That is what kept world-class BMX racer Arielle Martin out of the Beijing Olympics, after nearly a life time of preparation.
The disappointment, however, turned to drive for the then 23-year-old from Cedar Hills, Utah, and four years of nothing but training ensued. In 2012, Arielle had a secure spot on the team going to London.
“I put the final touches on my Olympic race bike today,” she wrote on her blog that summer. “I’ve been riding its twin that will also come to London for the last week or so, but wanted to keep the race ride as fresh as possible. We leave for London in 10 days!! It’s so incredibly exciting to be this close and I’m jumping at the bit now that some of my buddies are already over there and posting pictures of the village and venues.”
But the frustration of Beijing, it turns out, was just the beginning.
Two days before departure to London, riding in Team USA regalia, Arielle’s bike chain inexplicably broke and jammed in her back tire at the precipice of a jump, sending her flying at 30 mph 10 feet above the ground. The impact was devastating: a near fatal laceration of the liver, and a hole in the lung.
She remembers lying on the ground, and remembers an ambulance rushing her to the hospital.
“I’m going to London,” she kept saying. “I need to go back, I’m going to London.”
At the hospital, someone had scissors and was about to cut off her uniform. She shouted no, and that she was going to London. An operation quickly began.
When she woke up from surgery, the full weight of what happened sunk in.
“It came like a slap in the face,” she recalls. “The team had left without me. Someone showed me the official press release from USA Cycling announcing my crash and Brooke as my replacement. I felt crushed as the reality set in. It was really over.”
She remembers whispering to herself the piercing words, “I am no longer an Olympian.”
The other riders’ hearts went out to Arielle. Brooke, her replacement, wrote Arielle’s initials on her palm, and held the tribute up to the camera as it panned by.
But the American ladies won no medals that year, and Arielle was stuck with months of recovery, on top of her mental anguish. She had sacrificed everything, only to be robbed by fate. Bitterness was unavoidable.
Then something happened that marked a turning point in her perspective. While she was recovering, news came that her brother in law, competing in a Utah cycling race, had suffered a fatal crash.
“At that point I realized that there was more to me than being an athlete,” she says, “and that there’s more to life than the Olympics.”
Spiritual moments aided her recovery and helped lift the weight of her experiences, including a visit from Latter-day Saint apostle and icon M. Russell Ballard.
She considered retiring, and starting a family. Training to be an Olympian full time meant living in California near the Olympic Training Center. For four years her schedule had gone something like this: ride before breakfast, eat. Train for three hours on different parts of the track, eat. Train until dinner. Six days a week.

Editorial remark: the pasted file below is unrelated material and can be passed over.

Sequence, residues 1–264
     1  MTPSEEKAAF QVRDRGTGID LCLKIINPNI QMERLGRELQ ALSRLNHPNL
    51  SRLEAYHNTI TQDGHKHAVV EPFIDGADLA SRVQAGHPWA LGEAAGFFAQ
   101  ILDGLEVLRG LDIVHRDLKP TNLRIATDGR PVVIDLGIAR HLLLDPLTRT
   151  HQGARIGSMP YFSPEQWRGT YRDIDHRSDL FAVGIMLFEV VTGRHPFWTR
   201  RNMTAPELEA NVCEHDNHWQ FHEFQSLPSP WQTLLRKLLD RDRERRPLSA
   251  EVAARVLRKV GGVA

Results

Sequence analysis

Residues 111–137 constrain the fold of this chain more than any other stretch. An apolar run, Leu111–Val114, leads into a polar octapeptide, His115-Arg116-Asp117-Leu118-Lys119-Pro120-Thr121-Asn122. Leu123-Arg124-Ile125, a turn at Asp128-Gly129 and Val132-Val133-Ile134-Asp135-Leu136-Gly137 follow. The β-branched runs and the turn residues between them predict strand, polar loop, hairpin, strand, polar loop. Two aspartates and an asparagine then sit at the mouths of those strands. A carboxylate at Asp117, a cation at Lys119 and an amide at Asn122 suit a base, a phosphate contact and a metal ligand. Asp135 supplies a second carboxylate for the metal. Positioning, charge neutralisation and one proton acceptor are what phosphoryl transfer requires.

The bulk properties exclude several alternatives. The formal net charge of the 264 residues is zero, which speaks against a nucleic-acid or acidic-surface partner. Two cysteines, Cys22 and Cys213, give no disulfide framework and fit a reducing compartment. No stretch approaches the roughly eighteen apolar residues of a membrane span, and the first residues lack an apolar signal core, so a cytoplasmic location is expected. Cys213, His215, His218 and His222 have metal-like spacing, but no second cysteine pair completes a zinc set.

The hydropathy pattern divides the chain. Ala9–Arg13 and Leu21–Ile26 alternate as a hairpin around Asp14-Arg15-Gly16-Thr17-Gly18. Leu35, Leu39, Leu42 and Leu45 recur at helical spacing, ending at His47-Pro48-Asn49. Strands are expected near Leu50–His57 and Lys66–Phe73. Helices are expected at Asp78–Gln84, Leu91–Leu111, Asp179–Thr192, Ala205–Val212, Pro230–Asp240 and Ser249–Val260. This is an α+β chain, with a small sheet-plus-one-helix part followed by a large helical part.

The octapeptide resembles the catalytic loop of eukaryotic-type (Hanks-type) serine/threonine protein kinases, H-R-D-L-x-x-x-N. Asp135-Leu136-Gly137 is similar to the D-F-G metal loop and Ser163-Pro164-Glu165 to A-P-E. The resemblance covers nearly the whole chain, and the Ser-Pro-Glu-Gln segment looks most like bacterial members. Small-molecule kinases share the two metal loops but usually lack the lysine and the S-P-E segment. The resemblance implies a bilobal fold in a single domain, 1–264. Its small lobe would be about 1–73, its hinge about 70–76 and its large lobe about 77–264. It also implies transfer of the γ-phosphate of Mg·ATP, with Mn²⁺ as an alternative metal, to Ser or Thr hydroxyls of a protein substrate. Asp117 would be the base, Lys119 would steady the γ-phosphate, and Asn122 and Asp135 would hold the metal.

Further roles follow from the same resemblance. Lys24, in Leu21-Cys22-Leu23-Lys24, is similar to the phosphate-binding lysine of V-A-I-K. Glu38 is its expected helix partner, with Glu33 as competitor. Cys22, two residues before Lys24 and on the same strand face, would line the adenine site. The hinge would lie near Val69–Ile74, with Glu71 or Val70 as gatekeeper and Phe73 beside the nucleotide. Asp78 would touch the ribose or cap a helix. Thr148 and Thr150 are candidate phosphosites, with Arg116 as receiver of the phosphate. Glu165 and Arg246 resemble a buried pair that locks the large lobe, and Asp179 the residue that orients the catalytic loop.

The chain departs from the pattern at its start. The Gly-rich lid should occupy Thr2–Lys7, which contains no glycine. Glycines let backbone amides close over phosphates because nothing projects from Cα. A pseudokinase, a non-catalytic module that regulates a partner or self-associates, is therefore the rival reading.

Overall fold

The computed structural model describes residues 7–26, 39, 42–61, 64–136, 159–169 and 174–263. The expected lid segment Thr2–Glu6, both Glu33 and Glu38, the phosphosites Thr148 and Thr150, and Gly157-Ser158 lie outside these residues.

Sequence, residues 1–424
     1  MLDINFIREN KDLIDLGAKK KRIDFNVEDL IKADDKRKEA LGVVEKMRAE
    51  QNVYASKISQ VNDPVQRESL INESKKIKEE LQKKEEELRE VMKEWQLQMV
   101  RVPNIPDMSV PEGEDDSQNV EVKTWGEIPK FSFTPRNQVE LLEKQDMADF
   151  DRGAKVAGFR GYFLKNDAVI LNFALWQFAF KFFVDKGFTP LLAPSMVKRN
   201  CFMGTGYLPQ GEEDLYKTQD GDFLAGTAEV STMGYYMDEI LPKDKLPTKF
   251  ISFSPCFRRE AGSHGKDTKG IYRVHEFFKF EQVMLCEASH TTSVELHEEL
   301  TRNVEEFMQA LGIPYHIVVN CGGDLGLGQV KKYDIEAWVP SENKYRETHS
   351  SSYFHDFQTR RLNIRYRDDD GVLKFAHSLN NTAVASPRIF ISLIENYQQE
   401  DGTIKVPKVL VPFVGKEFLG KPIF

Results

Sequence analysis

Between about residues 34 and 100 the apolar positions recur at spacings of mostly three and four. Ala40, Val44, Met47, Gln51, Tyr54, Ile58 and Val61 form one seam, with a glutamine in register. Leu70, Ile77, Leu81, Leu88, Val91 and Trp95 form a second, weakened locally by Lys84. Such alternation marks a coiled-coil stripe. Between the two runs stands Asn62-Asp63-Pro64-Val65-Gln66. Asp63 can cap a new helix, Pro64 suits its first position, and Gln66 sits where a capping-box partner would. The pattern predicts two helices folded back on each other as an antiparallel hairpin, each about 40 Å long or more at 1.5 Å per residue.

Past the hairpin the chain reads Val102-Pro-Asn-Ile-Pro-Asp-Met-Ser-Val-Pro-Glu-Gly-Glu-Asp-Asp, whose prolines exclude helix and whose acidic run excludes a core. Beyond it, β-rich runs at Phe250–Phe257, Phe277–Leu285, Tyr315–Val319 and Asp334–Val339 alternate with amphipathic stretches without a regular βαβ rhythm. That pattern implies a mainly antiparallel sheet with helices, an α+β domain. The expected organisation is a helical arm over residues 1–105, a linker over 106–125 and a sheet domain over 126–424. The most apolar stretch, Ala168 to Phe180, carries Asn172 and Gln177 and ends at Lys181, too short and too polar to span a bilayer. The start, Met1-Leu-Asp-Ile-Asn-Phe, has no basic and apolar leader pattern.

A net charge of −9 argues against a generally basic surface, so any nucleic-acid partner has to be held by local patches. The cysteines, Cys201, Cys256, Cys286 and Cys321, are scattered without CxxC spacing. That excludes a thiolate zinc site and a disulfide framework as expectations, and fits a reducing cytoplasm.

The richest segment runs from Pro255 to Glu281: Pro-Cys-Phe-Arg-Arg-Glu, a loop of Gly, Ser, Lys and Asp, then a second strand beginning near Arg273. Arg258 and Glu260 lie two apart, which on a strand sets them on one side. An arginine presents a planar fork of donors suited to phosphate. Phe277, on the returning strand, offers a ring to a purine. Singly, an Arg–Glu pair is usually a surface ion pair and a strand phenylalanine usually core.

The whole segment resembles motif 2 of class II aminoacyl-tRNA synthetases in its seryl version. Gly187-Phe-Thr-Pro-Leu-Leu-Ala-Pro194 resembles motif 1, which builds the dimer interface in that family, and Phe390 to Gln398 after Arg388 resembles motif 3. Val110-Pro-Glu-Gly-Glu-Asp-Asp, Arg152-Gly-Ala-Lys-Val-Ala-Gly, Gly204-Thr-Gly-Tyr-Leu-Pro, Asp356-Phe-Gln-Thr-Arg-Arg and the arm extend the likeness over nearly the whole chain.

She saw her husband occasionally when he was on leave, after he returned from his military service in Afghanistan. She had no children, as a child would have been a near impossibility competing at such a high level. Only 16 women from around the world make the Olympics in BMX.
The sting of being snubbed by two Olympics outweighed the sacrifice of time and physical exertion. She mounted the bike yet again, and began the long, third journey back to the top.
“I couldn’t end my 22-year career on that crash,” she says. “I needed to prove something to myself.”
Her competitions went poorly at first, but she ended up reclaiming her spot on the US National team for the first World Cup of 2013 in England, where she placed sixth, even after two early crashes.
After competing in Argentina and Holland, she found herself the top ranked American rider in the World Cup Series, a position she currently holds.
An incredible comeback, yes, and the true spectacle was her determination to fight on despite being knocked down so horrendously and repeatedly. Arielle insists that the crash before London happened for a reason, though she doesn’t understand it completely yet.
For one, her experiences have certainly given her perspective that other people lack. She coaches younger athletes, in addition to her riding, and sometimes sees their lack of vision.
She recalls the attitude of one girl she coached who broke her wrist.
“It was like the end of the world for her,” she says. “But you have to have that foresight, that difficulty now will make you stronger in the end.”
Doubt is another problem plaguing young people, she says. While it’s about a one-in-a-million chance that you become an Olympian, she says, there is great value in having a mark to move towards. If you aren’t moving toward a goal, than what are you doing?
She remembers the best advice she received while going through her most trying moments, being robbed of two Olympics and her health.
“The sun is still going to come up tomorrow. Where are you going to be?”